Tesla (NASDAQ:TSLA) shares are taking a hit after CEO Elon Musk published a blog post early Friday morning. In the company update, he notes Tesla will post a “tiny” profit for Q4 and announces that in order to cut costs, 7% of full-time staff will be laid off. This is coming at the same time Model 3 production needs to be increased. Tesla stock was down as much as 7.6% in pre-market trading on the news.
Elon Musk posted a company update on the Tesla blog this morning. It wasn’t great news for employees and spooked TSLA investors, with Tesla stock taking a hit prior to the market opening.
In it, Musk announced the company will be laying off 7% of its full-time employees. The Tesla CEO notes:
“Tesla will need to make these cuts while increasing the Model 3 production rate and making many manufacturing engineering improvements in the coming months. Higher volume and manufacturing design improvements are crucial for Tesla to achieve the economies of scale required to manufacture the standard range (220 mile), standard interior Model 3 at $35k and still be a viable company. There isn’t any other way.”
According to Bloomberg, the 7% cut amounts to approximately 3,150 Tesla employees losing their jobs.
A “Tiny” Profit in Q4
Musk also provided guidance for Tesla’s Q4 profit prospects, cautioning employees and investors not to expect a repeat of the $311.5 million profit posted in Q3.
“In Q4, preliminary, unaudited results indicate that we again made a GAAP profit, but less than Q3. This quarter, as with Q3, shipment of higher priced Model 3 variants (this time to Europe and Asia) will hopefully allow us, with great difficulty, effort and some luck, to target a tiny profit.”
Tesla Stock Takes a Hit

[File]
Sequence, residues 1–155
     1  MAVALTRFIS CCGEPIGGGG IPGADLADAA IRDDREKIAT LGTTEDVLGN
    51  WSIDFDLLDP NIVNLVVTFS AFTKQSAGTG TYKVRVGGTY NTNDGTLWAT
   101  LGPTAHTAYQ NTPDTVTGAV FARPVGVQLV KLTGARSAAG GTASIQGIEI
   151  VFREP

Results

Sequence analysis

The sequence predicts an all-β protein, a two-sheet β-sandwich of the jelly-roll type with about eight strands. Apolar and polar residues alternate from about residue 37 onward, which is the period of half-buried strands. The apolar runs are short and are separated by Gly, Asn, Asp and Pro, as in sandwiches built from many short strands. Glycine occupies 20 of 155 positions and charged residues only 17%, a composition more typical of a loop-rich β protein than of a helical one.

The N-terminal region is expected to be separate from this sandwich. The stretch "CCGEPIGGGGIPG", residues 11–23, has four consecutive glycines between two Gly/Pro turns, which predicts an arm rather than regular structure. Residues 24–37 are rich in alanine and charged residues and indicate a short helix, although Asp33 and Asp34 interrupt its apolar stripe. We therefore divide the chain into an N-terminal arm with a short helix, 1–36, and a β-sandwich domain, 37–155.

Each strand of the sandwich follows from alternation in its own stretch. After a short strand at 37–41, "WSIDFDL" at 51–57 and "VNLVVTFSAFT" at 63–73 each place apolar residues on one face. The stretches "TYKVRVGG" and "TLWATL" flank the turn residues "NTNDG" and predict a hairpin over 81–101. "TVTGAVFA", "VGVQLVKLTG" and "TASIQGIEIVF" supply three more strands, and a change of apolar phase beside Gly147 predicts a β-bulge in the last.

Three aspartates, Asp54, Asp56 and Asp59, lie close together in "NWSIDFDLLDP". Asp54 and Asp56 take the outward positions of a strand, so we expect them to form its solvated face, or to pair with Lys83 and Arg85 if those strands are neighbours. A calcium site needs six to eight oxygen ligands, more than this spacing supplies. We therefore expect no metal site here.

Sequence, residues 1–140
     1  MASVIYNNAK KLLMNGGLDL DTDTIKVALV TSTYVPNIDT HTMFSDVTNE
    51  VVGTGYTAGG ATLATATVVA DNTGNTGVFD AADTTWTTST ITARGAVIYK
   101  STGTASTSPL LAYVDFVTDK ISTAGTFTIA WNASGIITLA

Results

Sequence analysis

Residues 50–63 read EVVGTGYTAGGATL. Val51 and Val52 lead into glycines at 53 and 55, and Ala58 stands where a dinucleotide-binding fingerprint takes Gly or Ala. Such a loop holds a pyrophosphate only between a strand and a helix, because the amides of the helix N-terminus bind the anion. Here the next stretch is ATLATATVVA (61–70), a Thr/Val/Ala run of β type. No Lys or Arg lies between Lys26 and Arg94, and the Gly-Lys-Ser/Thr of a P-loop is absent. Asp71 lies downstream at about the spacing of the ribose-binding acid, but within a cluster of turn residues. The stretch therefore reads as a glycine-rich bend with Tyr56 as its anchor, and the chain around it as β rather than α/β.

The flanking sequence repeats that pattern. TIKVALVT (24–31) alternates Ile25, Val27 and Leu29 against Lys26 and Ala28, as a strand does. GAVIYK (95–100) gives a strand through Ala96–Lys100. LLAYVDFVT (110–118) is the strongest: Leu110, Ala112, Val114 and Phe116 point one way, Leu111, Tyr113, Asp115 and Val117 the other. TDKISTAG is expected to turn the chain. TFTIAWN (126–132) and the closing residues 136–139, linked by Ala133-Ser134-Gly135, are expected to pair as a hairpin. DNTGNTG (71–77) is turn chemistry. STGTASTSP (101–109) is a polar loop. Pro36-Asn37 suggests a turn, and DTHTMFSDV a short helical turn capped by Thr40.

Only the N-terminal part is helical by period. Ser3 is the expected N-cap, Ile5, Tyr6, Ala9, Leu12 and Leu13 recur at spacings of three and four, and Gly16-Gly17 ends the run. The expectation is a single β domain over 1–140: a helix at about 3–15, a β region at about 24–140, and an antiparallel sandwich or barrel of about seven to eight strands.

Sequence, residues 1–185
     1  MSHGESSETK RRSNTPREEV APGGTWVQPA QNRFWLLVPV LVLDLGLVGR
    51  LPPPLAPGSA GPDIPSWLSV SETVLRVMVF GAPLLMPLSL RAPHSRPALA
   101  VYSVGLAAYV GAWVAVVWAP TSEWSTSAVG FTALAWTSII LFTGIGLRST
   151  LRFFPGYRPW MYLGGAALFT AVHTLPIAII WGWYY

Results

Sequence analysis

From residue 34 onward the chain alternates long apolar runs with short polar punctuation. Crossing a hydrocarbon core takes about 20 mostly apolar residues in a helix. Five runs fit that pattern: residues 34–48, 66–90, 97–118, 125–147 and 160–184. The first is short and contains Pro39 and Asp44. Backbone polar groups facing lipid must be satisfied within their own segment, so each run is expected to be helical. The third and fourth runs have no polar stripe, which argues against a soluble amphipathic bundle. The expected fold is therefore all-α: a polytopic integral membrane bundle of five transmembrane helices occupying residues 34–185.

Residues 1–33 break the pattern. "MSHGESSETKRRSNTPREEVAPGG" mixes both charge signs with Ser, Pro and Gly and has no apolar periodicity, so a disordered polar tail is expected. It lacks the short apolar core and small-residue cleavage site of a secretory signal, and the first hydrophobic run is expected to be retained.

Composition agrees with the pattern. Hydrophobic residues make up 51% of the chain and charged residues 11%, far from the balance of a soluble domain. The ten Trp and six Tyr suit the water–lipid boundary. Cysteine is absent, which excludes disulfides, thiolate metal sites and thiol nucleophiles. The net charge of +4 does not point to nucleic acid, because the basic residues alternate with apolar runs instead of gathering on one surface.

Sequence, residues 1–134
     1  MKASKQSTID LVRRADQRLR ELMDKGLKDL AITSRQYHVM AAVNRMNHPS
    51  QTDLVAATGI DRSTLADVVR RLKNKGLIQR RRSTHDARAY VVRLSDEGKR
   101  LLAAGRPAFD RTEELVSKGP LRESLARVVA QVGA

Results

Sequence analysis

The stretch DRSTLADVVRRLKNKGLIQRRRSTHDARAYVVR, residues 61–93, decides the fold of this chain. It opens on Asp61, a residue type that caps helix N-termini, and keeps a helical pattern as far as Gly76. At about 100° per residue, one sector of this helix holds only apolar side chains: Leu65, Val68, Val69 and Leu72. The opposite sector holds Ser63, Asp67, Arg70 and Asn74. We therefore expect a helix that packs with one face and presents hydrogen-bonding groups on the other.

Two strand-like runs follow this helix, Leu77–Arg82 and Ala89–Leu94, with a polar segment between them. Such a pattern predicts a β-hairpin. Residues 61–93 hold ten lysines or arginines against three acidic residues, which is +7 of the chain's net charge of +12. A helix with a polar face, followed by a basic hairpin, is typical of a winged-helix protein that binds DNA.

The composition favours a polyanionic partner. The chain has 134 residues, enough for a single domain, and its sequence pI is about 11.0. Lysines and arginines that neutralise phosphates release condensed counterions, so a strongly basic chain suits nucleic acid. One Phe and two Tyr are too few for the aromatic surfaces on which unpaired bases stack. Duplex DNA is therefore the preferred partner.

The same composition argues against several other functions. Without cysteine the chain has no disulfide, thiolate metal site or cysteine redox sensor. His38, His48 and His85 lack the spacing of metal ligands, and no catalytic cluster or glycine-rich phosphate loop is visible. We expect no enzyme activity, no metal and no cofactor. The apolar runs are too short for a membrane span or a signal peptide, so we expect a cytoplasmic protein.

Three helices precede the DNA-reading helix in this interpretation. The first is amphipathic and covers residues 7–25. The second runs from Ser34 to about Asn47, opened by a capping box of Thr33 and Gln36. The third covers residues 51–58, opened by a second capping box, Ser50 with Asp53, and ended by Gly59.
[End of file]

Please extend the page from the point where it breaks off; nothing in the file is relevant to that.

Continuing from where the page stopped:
The blog post was a double whammy for investors.
The prospect of stringing together two consecutive profitable quarters is a win for the company. However, Musk’s cautioning about the modest size of the Q4 profit combined with his warning that it came because the company was able to sell more of the high-priced model 3 variants (a version he warned the company needs to reduce its dependence on) was not what investors wanted to hear.
Layoffs in order to maintain profitability are not good news either, especially when those layoffs come at a time when the company is still working hard to ramp up production of its key vehicle. They are also the second round of Telsa job cuts in under a year, after the company cut 9% of its workforce last July.
The combination of layoffs and the “tiny” profit warning resulted in Tesla stock being punished in pre-market trading as investors began to react to Musk’s blog post.
When it surpassed 200K sales in the U.S., Tesla’s federal rebate for buyers was halved and begins to wind down to zero. As a result, the company cut some Model 3 prices to minimize the impact of the reduced rebate, and that ate into profitability.
All of this happens at the same time that competition is ramping up, as more auto makers release electric cars of their own. General Motors (NYSE:GM) has also passed the 200K electric car sales milestone marking the winding down of its federal rebate, and several other auto manufacturers are closing on that number. The good news is this means rival auto makers won’t have a rebate advantage over Tesla for long: the bad news is this means competition in the electric car market is seriously heating up. Many of those Tesla alternatives are priced to win over consumers, and not just well-heeled buyers.
Musk points out in the blog post that the cheapest Model 3 Tesla has been able to offer up to this point has been priced at $44,000. He warns, that the company must reduce its costs and ramp up production enough to finally be producing that affordable $35,000 Model 3 — and in volume — in order to remain viable. That challenge becomes even tougher when the company has to tackle it after shedding 7% of its full-time workforce.
Based on the pre-market trading of Tesla stock, not all investors are convinced Musk can pull this off.
As of this writing, Brad Moon did not hold a position in any of the aforementioned securities.